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21. What kind of track record does MOSERS have in managing the state retirement fund?
MOSERS has a solid 50-year track record of excellent investment returns, outstanding customer service and efficient administration:

  • MOSERS outperformed its 8.5% investment return target in sixteen out of nineteen 10-year periods from 2009 back to 1982.
  • MOSERS is ranked #1 in customer service among peer retirement systems.
  • MOSERS’ administrative costs (cost-per-member) are below our peer median and below the expected benchmark.

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22. What kind of economic impact does the retirement system have in Missouri ?
Public pension benefits have a significant economic impact, and they support and sustain jobs and tax bases.

In 2009:

  • MOSERS paid nearly $535 million in benefits.
  • Members had nearly $12 million in state taxes and $43 million in federal taxes withheld from their benefit payments.

Pensions provide Main Street benefits.

  • Dignity after a career of service - A lifetime income stream reduces the need for public assistance.
  • The average monthly benefit payment for new retirees is $1,569 ($18,828 per year).
  • This modest benefit provides those who served the public during their working years with income to meet their basic needs.

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23. Does this legislation create a state retirement investment board separate from MOSERS?
No. There were several versions of this legislation as it made its way through the general assembly. Ultimately, the final bill did not include provisions creating a state retirement investment board.

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24. Does the state auditor audit MOSERS?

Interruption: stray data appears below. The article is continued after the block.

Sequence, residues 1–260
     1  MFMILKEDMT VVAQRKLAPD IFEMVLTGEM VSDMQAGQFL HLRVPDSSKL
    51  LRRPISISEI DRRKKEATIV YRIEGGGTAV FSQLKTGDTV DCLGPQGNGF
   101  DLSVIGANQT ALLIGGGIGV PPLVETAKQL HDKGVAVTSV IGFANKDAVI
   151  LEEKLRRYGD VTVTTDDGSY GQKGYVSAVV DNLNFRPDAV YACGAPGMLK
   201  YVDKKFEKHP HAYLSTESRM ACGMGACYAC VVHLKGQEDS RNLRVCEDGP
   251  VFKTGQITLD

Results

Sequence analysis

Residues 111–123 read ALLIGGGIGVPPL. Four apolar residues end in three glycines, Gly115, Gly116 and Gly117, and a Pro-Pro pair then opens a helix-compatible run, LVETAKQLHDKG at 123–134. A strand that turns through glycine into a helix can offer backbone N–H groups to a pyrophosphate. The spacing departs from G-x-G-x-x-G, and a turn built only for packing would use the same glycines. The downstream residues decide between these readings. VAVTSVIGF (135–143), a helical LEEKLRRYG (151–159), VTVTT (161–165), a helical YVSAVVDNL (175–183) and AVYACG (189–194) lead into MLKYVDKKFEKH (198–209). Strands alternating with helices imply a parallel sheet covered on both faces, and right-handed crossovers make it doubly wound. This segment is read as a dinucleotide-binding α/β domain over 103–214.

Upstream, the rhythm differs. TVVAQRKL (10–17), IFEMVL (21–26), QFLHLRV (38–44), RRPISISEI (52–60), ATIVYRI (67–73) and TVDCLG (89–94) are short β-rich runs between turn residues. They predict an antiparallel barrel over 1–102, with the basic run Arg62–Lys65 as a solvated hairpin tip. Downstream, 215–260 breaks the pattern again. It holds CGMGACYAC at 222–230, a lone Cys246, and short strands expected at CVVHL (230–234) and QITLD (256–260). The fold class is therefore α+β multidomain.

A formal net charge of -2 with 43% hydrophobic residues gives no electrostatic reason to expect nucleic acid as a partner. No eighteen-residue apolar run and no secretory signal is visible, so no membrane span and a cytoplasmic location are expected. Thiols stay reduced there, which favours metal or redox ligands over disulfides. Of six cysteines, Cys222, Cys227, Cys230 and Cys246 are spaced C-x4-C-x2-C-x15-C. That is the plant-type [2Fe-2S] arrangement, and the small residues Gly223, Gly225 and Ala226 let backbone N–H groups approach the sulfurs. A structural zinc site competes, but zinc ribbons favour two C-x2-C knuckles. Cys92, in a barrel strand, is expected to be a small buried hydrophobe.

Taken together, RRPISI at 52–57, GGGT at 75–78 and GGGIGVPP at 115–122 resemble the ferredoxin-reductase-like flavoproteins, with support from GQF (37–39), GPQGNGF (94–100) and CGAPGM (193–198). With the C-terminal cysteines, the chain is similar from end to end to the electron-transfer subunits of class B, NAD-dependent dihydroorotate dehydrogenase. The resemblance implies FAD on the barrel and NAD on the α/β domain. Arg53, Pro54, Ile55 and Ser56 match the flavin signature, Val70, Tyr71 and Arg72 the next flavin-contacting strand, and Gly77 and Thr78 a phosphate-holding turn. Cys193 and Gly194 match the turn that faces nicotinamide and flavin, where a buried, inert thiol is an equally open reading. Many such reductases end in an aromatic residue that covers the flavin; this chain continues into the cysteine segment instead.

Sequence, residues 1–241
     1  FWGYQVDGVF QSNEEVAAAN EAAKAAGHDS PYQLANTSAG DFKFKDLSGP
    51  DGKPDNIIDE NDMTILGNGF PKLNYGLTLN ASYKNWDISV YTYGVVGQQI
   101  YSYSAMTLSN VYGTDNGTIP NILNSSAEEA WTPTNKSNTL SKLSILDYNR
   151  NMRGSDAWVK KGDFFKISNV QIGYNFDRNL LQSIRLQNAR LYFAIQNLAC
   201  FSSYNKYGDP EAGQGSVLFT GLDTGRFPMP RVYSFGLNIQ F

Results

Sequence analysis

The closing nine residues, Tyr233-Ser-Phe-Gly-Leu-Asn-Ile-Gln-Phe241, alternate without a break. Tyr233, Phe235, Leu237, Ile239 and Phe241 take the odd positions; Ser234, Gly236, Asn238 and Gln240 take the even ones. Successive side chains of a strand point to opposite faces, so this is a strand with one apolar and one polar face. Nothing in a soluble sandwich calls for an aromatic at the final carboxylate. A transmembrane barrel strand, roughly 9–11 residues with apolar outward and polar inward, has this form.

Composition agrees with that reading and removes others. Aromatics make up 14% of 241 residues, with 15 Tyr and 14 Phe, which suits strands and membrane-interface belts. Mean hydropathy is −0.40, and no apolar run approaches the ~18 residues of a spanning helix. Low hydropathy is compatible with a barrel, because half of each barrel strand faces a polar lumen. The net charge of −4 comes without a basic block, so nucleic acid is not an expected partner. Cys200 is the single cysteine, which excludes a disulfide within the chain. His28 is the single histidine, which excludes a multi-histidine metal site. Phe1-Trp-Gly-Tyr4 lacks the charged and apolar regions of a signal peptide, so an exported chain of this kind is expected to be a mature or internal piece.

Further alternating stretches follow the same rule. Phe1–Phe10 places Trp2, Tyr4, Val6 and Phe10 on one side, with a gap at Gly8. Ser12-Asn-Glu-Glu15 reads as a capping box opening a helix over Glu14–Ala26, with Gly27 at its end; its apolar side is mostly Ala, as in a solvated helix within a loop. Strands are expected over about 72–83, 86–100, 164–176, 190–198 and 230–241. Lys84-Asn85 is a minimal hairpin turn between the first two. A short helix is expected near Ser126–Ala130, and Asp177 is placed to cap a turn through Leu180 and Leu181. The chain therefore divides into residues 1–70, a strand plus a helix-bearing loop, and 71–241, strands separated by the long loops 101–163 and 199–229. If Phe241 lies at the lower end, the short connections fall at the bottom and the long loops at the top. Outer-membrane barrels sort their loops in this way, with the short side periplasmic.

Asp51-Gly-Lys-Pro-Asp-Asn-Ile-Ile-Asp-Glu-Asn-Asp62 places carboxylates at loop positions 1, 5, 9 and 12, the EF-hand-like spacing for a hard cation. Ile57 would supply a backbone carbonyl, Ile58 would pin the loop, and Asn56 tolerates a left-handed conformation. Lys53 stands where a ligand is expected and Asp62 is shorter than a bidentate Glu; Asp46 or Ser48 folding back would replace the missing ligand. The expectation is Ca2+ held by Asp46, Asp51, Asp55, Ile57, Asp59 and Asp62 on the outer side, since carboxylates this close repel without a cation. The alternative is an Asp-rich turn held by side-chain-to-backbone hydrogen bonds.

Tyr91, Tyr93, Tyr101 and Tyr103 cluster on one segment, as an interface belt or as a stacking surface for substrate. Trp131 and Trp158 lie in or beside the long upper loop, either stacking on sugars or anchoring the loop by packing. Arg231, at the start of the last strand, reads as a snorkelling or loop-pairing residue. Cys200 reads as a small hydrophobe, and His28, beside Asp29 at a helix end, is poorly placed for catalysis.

Yes. The Missouri State Auditors office, in accordance with Section 104.480 RSMo, has conducted many audits of MOSERS. They are currently wrapping up their review of MOSERS which covers the period July 1, 2004 to June 30, 2009. Their report is expected in late summer, early fall. The SAO’s last completed audit report which is number 2006-02, which is available on their website (http://auditor.mo.gov/auditreports/pr2006.htm), covered the four years ending June 30, 2004.

The MOSERS fund is also audited every year by an outside auditing firm. Williams Keepers has audited the fund every year since FY 2006 and are currently working on their audit of FY 2010. KPMG audited MOSERS for many years before that dating back to at least FY 1999. The auditor’s opinion letters are contained in each Comprehensive Annual Financial Report (CAFR) and MOSERS’ CAFRs are available on our website.
Additionally, MOSERS employs two internal auditors who conduct many audits each year and MOSERS has a policy to audit the actuary every four years. The board hired an outside firm to conduct a fiduciary audit in FY 2006.

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Member Contribution Brochure

Get more in-depth information about member contributions in this PDF brochure.

MSEP 2011 Examples

This listing of common examples will help you understand which plan employees belong to based on their hire dates.

MSEP 2011 Forms

Read about the 2 new forms associated with the MSEP 2011 Plan: the Beneficiary Contribution and Request for Refund of Contribution Application.

MSEP 2011 for Judges

The following briefly highlights benefits administered by MOSERS for judges. For detailed information you may download specific publications regarding retirement benefits.

MSEP 2011 for Legislators

The following briefly highlights benefits administered by MOSERS for legislators. For detailed information you may download specific publications regarding retirement benefits.

MSEP 2011 for State Officials

The following briefly highlights benefits administered by MOSERS for state officials. For detailed information you may download specific publications regarding retirement benefits.

The MSEP 2011 Retirement Plan Video

Watch a short video created by MOSERS staff outlining the specifics of the MSEP 2011 Retirement Plan.

Plan Comparison Tables

Legislation passed in 2010 creates a new tier of retirement plan provisions affecting general state employees, statewide elected officials, legislators and judges working in a benefit eligible position for the first time on or after 1/1/11. Compare the differences here.

MOSERS
Missouri State Employees' Retirement System
Address: 907 Wildwood Dr., Jefferson City, MO 65102
https://www.mosers.org/images/mosers-logo-bg-375-280.jpg Phone: 800.827.1063 URL: Email: mosers@mosers.org Founded On: September 1, 1957